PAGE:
As a part of the protocol, followed by cellular therapy the patient was given intensive neurorehabilitation therapy. It included a multidisciplinary rehabilitation protocol comprising of occupational therapy, speech therapy, psychotherapy, and diet advice. The Occupational therapy interventions included both restorative and adaptive strategies to improve performance of the Activities of Daily Living (ADL) tasks the participants defined as relevant and meaningful. Speech therapists helped with pronunciation of words, making sounds, pitch control and improve communication skills. Psychological counseling was conducted for the patient as well as family members. A personalized home program was given to the patient and was advised to continue rehabilitation for 6 months. He was followed up at 3 months and 6 months post intervention. At 6 months post intervention a detailed reassessment was carried out and repeat PET-CT scan was obtained.
At 3 months follow up, his body awareness had improved and he could recognize all body parts. His attention span had increased; eye contact improved and could catch the ball while playing. His imitation skills, communication and expression had improved; he could identify and name pictures. He was able to place A to Z pegs in its place. He had learnt names of vegetables and fruits. His aggressive behavior and temper tantrums had reduced. The ability to perform daily activities had improved. He could brush his teeth, comb hair, wear his shirt by himself, and also eat independently. At 6 months follow up, his spatial relation had improved along with speech. His learning abilities improved as he could now recognize English alphabets and also understand the concept of directions. He could identify different vegetables and fruits, his cognitive skills were better than before. He started seeking attention. He initiated to bathe independently. He could hold the pencil and write numbers. His FIM was improved from 67 to 76.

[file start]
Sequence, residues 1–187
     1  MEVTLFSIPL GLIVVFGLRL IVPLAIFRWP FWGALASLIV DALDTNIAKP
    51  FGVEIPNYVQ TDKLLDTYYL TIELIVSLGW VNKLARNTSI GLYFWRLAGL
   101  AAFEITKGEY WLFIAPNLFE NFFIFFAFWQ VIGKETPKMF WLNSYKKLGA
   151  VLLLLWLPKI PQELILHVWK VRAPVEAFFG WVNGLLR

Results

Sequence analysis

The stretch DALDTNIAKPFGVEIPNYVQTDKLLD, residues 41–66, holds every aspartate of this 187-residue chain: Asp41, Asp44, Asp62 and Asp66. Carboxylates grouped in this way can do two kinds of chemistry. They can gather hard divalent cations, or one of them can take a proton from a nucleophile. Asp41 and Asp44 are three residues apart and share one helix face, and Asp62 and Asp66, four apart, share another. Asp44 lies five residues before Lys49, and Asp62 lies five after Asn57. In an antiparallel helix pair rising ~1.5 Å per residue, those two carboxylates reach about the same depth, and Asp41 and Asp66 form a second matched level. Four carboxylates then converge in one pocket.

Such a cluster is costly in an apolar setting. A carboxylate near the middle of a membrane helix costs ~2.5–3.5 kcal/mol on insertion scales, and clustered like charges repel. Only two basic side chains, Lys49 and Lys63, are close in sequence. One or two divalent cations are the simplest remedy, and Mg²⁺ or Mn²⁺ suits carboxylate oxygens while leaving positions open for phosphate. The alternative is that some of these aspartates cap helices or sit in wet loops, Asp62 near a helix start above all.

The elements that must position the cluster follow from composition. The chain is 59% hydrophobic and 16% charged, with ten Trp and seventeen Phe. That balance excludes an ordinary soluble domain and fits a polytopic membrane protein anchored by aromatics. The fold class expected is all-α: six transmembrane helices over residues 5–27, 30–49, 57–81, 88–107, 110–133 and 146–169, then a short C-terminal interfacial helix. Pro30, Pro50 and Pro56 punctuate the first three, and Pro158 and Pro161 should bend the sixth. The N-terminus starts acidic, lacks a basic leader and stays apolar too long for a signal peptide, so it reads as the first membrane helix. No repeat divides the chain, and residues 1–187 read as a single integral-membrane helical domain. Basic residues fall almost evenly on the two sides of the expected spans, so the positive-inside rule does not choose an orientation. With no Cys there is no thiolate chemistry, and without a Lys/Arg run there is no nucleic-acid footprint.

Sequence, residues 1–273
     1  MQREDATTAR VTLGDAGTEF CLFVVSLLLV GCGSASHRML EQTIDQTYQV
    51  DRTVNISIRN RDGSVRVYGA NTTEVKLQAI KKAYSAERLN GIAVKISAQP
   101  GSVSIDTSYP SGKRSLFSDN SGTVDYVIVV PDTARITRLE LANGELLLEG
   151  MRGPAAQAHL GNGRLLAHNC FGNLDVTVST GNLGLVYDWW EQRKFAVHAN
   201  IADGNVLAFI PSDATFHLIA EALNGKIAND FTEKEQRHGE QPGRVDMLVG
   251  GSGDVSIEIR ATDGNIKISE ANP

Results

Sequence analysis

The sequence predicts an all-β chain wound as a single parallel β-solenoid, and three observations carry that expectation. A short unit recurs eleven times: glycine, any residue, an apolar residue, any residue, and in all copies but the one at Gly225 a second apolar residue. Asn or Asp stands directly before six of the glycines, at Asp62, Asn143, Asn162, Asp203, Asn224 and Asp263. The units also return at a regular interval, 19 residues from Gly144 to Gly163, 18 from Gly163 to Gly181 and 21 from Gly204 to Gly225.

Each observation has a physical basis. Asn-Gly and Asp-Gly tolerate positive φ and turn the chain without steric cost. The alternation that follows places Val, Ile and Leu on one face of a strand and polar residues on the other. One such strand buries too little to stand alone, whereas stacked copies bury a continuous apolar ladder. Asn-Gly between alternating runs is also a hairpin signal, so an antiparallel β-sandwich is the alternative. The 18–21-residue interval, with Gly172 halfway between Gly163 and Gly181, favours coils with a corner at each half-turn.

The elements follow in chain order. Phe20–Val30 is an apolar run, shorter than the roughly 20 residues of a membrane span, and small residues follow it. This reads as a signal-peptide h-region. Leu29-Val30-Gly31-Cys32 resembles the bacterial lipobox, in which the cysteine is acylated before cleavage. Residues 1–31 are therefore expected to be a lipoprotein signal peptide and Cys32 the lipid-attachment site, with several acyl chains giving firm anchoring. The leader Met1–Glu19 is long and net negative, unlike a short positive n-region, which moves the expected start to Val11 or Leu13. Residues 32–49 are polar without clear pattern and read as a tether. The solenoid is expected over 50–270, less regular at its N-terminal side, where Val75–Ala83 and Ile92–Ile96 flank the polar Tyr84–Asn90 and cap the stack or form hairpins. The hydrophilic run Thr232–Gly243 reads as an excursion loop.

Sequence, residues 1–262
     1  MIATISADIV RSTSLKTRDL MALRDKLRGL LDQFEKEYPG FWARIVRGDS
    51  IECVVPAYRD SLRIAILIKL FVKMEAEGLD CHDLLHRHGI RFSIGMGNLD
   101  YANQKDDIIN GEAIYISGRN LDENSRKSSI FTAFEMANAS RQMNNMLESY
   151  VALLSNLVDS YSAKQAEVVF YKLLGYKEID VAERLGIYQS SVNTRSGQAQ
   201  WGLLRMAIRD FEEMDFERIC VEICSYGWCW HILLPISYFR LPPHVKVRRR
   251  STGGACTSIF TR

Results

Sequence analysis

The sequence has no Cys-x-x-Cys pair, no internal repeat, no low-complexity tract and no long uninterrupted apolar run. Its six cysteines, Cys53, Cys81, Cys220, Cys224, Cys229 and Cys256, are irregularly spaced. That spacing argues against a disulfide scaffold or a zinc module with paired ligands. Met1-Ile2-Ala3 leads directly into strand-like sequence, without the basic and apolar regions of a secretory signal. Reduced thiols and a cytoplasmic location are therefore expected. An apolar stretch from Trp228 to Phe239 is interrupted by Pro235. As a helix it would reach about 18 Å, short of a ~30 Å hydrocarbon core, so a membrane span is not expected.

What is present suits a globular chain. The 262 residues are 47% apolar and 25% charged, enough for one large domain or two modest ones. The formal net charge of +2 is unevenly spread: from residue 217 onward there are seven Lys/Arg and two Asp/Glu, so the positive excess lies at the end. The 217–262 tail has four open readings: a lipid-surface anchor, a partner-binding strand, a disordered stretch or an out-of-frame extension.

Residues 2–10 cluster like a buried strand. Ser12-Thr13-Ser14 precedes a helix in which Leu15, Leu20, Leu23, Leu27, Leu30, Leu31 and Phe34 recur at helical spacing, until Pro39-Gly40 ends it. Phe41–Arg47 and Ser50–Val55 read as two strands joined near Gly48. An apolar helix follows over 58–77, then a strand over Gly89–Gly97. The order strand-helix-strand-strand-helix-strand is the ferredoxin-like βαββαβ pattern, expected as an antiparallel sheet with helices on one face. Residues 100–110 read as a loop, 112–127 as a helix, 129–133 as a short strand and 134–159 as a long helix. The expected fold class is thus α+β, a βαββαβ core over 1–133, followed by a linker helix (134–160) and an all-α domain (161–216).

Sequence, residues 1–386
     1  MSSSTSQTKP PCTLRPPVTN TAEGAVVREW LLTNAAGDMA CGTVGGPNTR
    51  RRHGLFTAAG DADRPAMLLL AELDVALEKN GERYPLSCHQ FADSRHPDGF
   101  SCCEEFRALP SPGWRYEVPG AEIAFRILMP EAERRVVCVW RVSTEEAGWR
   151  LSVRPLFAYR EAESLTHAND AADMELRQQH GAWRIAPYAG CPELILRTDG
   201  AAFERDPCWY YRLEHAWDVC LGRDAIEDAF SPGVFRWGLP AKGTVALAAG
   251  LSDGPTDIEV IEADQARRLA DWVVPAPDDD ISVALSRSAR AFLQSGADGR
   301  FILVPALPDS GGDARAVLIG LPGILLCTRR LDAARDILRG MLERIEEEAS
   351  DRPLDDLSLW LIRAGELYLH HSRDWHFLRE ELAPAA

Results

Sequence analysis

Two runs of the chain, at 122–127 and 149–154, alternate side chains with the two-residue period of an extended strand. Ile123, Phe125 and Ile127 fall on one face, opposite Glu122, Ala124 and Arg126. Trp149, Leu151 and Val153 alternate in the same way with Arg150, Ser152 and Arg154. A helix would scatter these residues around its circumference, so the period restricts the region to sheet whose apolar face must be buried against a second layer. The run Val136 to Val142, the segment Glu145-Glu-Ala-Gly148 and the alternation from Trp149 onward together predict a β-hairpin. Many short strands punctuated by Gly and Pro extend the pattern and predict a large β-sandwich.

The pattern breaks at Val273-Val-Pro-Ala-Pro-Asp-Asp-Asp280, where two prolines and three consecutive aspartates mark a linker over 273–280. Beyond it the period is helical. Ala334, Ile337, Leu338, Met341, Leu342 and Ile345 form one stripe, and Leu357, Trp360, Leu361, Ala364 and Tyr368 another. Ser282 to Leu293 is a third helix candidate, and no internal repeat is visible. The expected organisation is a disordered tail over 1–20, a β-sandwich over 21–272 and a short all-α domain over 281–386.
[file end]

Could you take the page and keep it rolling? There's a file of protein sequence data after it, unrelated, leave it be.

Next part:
On repeating the PET CT scan and comparing after 6 months of intervention there was improvement in metabolic activity involving hippocampus, left amygdala and left cerebellum (Figure 1).
In the past decade, cellular therapy as a treatment strategy has shown promising results in various incurable neurodevelopmental disorders. With a growing prevalence rate of intellectual disability it is imperative to explore new avenues of management. To study the effect of cellular therapy in ID, we administered a case of ID with autologous bone marrow mononuclear cells, intrathecally. Bone marrow is a rich source of cells. These cells are easily to obtain and have no ethical or moral issues associated with its use. Mononuclear cells obtained from the bone marrow are a mixture of various progenitor cells. Studies have shown that using a mixture of cells is more beneficial than using individual fractions of cells [7]. Since, these cells are autologous in nature they eliminate any possibility of immune rejection. Intrathecal route of administration is one of the minimally invasive interventions. The cells are injected into the CSF which possesses properties supporting cell survival and growth [8].
Evidence suggests that the underlying neuropathologies in intellectual disability are neuronal death and alterations in neuronal networks, brain plasticity, cell migration, cell multiplication, axon growth, synaptogenesis, dendritic arborization, etc. [9] Studies have also demonstrated abnormalities majorly in hippocampus and cerebral cortex amongst other areas of the brain. These changes in the brain lead to defect in information processing further leading to affected cognition and adaptive behavior [10]